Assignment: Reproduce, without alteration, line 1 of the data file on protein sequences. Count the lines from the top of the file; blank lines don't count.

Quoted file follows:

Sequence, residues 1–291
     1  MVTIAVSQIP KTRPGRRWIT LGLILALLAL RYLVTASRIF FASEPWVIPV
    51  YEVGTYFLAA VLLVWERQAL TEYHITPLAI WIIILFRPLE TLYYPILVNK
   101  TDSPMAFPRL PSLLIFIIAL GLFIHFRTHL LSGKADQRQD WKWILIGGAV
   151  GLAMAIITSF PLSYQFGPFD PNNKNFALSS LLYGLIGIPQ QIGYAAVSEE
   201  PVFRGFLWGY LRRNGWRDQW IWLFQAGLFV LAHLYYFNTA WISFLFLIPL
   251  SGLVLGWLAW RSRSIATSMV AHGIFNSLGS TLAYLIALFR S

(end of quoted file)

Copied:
Sequence, residues 1–291